All content producers are forced to enter a Faustian bargain with Google. A few years ago, Google began placing selected information from search results on its search page, claiming that is what users want, i.e., fewer clicks with essential information appearing directly on top of the Google page. As a result, users not need click through to any website on which Google shares revenue with the site's content producer (or God forbid, where ads are presented by a different ad network—which these days, rarely happens). The content owner never complains, because appearing first in Google search results, dramatically increases traffic to any article. Overall, the number of people who click on links found via search results has decreased dramatically, since many people suffice with Google's excerpt. Therefore, Google never has to share the revenue.

Unfortunately, there is no easy solutions to offer. Google and Facebook were allowed to grow to their current size unchecked, because of unique legal and political circumstances. Since Robert Bork published his book, The AntiTrust Paradox, the government has primarily followed his reasoning to determine anti-trust decisions—i.e., size of a company is not what counts. Bork contends Anti-trust should only be invoked if competition is stifled in a way that leads to a rise in consumer pricing. Given that both Google and Facebook services are primarily free to consumers, their actions have rarely received the anti-trust scrutiny they deserve.

In 2012, there were serious investigations into both Google and Facebook by FTC staffers, who recommended filing suit against Google. The FTC commissioners, many of whom were picked by President Obama, demurred. To the Democrats, and many others in 2012, the new information age presented a panacea of opportunities to change the world for the better. Unfortunately, they were blind to the potential problems that could result.

Politicians, pundits and academicians have put forth a myriad of recommendations to address these dangers, including breaking up the companies, adding government regulation, or eliminating Section 230, which shields internet companies from suits relating to their content. Each proposal has its own pluses and minuses. What remains clear, is that the current situation is intolerable.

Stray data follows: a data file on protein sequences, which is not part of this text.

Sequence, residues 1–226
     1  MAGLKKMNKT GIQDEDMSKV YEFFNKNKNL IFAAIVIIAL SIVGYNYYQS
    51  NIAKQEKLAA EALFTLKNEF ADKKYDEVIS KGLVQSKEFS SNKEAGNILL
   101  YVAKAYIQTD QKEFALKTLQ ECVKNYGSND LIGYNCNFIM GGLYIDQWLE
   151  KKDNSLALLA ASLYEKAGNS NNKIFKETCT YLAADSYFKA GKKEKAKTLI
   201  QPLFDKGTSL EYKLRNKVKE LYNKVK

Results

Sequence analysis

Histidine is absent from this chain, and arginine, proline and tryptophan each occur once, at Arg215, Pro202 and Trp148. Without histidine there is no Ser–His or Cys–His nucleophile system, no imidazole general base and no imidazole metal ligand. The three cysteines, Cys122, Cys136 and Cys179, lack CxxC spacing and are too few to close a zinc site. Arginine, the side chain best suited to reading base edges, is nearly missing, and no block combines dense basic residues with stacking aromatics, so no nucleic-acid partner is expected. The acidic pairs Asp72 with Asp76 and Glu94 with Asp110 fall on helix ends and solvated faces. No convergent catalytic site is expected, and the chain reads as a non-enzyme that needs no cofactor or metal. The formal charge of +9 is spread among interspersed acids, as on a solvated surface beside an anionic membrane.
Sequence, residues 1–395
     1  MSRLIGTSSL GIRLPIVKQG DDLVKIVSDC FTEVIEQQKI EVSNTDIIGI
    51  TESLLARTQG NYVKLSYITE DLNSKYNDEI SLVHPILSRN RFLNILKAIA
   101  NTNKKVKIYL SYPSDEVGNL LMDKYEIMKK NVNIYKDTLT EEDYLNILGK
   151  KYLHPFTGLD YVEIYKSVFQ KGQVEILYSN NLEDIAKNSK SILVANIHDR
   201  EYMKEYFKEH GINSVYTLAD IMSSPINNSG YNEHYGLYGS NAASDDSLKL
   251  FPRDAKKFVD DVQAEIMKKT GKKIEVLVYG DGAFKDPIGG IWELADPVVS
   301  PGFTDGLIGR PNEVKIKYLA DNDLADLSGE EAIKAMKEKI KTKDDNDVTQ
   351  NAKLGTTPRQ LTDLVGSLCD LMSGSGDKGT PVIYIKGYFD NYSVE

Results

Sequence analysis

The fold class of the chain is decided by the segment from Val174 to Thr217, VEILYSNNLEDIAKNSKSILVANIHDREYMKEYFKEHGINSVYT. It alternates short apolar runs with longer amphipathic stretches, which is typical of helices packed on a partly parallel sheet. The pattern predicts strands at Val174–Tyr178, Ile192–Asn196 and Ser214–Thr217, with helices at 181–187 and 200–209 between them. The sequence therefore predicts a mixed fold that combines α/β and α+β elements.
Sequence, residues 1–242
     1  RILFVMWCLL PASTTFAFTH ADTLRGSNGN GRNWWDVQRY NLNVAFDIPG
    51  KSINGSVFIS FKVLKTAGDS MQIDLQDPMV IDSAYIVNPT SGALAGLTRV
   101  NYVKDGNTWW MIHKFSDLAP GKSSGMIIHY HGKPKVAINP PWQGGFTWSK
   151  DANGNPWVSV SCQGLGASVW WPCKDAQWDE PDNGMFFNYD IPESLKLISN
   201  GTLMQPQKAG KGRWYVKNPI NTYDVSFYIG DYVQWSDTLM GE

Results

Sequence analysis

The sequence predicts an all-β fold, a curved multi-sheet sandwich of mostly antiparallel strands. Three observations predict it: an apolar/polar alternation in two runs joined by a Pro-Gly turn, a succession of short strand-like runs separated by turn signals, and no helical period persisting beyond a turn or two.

I vividly remember my fights as an undergraduate student of Economics at Columbia University, with a Marxist economic professor who thought the TV networks should become public carriers—because he believed advertising on TV was unhealthy. I argued then that it was better for the means of communications and news to be in many private hands than to be in the hands of the government—which might be benign, but could also become tyrannical.

Today, 45 years later, we are faced with the same fundamental question. How much of what we read and see on the internet do we want to be dictated by two commercial companies, controlled by a small number of people, however well-meaning? And on the other hand, how much do we trust the government to make the right decisions when it comes to regulating the internet? These twin questions will define the future of the internet—and so much more besides.

Marc Schulman is a multimedia historian.

The views expressed in this article are the author's own.​​​​​